Notes from Philly weblog

Maestro in Waiting? Jurowski & Philadelphia?

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Vladimir Jurowski conducts
The Philadelphia Orchestra
Benedetto Lupo, piano
Verizon Hall
March 18-20

Sounds like Vladimir Jurowski’s convinced the Philadelphia Orchestra he’s the one- the new music director. The guest conductor’s program Thursday night was captivating. The Russian maestro who doesn’t smile on stage was given a speech before the music started. Jumping from the back row, violinist Jonathan Beiler thanked Jurowski, who’s guested for three previous seasons (this is his fourth). He called the Muscovite a favorite. He mentioned some 1,000 details their music making has involved. This is so special, Bieler said. The appreciation read quietly was emotion, almost embarrassing. But the praise held up once everyone delved into Brahms’ Tragic Overture all that intensity laced with flow.
The key to Jurowski’s magic was the Eroica Symphony. So many maestros sweep an audience off its feet with those Romantics. Beethoven shows what you’re made of. How clean are your thoughts. Jurowski made us sit up and sit still. Everything was noticeable: The first movement’s levels of loudness, keenly felt, keenly varied. The Funeral March that wasn’t pounced upon us but allowed to flow — so that when the flute slips in you really feel the solo. When music flows, is not unduly stretched or beaten, there is no end of difference in how wde feel about it. We aren’t manipulated.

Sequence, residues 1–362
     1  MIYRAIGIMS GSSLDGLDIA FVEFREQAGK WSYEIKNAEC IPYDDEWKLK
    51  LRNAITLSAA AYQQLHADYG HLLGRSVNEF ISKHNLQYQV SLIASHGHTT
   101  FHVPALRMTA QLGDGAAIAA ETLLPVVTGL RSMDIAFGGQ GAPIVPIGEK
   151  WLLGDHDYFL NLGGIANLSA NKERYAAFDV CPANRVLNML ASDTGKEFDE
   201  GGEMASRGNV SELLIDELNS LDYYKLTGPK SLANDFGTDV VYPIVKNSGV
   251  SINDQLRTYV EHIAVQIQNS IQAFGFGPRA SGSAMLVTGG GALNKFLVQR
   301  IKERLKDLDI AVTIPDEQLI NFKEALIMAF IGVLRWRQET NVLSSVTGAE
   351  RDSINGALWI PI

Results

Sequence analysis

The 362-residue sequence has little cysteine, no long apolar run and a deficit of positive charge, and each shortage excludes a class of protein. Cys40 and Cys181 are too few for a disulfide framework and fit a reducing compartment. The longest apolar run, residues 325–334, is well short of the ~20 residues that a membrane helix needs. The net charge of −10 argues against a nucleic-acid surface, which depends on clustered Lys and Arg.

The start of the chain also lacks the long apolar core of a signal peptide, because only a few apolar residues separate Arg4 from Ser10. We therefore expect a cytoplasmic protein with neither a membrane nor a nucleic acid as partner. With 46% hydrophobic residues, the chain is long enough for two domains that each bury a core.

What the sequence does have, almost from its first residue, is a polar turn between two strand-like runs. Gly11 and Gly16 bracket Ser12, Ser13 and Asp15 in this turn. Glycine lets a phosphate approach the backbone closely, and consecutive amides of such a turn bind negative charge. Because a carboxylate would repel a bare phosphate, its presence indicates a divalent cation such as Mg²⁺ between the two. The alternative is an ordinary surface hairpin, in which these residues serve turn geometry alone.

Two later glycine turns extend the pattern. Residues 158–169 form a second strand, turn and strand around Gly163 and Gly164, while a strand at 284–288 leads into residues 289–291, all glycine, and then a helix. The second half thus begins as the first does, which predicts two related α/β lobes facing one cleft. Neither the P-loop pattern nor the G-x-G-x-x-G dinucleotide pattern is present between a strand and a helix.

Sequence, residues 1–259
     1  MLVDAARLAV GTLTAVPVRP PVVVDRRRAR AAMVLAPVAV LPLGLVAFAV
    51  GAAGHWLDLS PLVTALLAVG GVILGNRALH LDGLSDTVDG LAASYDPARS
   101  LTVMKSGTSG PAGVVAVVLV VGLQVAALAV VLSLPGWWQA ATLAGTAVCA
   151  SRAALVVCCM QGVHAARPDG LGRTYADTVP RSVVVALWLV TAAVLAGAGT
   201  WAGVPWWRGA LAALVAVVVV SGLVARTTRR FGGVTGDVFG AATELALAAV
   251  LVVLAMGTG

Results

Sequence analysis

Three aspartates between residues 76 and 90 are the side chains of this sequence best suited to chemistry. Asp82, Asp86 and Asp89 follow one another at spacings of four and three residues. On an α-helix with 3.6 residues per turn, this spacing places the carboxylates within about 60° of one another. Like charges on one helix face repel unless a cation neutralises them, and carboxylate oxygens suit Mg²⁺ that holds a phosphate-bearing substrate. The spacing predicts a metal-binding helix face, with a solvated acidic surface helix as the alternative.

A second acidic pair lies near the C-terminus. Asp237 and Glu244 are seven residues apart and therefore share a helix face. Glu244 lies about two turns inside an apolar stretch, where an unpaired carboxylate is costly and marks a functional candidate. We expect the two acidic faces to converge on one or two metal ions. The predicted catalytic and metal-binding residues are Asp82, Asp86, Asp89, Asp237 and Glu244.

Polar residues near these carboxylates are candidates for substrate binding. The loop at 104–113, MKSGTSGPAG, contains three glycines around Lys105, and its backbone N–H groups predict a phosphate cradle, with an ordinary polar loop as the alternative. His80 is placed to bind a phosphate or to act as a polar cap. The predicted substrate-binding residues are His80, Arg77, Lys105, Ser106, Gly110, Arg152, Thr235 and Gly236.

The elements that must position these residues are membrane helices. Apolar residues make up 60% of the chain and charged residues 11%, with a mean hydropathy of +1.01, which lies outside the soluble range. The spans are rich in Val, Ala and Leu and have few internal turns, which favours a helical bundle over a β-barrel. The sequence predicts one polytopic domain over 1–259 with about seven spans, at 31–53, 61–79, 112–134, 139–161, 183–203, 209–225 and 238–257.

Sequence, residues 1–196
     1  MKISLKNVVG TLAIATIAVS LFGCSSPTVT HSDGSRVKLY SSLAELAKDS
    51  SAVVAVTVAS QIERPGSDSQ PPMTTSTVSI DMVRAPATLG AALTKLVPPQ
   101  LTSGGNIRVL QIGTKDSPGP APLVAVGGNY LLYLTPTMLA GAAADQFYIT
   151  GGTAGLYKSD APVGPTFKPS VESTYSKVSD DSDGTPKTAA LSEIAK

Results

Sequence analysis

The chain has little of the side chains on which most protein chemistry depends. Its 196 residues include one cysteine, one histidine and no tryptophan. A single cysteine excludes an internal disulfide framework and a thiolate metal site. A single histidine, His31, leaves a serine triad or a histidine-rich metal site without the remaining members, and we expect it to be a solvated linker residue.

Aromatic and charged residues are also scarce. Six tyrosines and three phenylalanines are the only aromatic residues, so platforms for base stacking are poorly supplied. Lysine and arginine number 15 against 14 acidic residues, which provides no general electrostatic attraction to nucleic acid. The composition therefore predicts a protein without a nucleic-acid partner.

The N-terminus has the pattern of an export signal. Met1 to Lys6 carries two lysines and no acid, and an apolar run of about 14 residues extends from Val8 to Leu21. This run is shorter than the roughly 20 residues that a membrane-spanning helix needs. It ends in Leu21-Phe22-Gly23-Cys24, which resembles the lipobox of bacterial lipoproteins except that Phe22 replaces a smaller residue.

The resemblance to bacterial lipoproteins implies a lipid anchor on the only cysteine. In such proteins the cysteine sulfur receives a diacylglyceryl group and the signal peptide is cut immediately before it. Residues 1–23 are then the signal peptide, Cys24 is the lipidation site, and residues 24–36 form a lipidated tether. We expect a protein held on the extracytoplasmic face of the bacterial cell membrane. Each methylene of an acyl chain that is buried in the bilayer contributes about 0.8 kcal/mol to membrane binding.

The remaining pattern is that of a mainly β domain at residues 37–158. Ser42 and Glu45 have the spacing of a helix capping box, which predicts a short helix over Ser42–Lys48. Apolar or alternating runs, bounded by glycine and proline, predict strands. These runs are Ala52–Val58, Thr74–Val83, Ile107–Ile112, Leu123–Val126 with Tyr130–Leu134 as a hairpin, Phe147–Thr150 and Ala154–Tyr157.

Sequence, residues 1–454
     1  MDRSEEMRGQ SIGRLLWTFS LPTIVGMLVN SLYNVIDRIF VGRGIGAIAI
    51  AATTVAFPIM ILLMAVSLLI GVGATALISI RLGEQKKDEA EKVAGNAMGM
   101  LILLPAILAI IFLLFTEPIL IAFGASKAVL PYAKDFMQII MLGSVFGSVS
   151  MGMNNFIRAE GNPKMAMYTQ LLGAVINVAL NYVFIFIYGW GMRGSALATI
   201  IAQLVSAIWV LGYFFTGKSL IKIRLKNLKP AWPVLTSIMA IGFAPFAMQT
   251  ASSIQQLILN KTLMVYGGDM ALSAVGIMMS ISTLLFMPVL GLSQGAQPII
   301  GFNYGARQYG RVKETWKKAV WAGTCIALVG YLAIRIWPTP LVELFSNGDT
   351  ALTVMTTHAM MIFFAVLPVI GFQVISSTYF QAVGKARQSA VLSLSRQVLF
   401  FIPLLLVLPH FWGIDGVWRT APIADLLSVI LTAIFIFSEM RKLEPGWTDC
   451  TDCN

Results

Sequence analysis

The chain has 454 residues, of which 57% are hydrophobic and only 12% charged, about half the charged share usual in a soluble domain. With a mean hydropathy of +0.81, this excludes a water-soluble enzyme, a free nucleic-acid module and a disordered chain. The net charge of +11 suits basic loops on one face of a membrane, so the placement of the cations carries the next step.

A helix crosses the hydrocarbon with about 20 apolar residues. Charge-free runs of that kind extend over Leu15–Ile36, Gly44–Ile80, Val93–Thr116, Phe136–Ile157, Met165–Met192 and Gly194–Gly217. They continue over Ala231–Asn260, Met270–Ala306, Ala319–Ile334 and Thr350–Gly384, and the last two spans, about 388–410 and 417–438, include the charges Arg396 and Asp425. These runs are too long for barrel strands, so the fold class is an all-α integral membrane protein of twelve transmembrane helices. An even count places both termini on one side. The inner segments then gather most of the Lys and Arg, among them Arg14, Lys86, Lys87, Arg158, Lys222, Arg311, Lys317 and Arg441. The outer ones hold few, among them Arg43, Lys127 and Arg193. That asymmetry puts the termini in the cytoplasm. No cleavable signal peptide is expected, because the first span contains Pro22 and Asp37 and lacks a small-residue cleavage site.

Too many conductors rush us this way and that making their points. Juroswki makes his by expansion and discretion. Thursday’s Eroica did not pull the heartstrings. Beethoven kept us focused line by line and note by note.

At the concert’s heart, a beautiful surprise: Benedetto Lupo made his Philadelphia Orchestra debut playing Robert Schuman’s tender Piano Concerto in A Minor which requires delicacy, power and soul. If you been there you are doubtless in love with Benedetto Lupo too. href=”″>file0446


Written by Lesley Valdes

March 19, 2010 at 5:51 am

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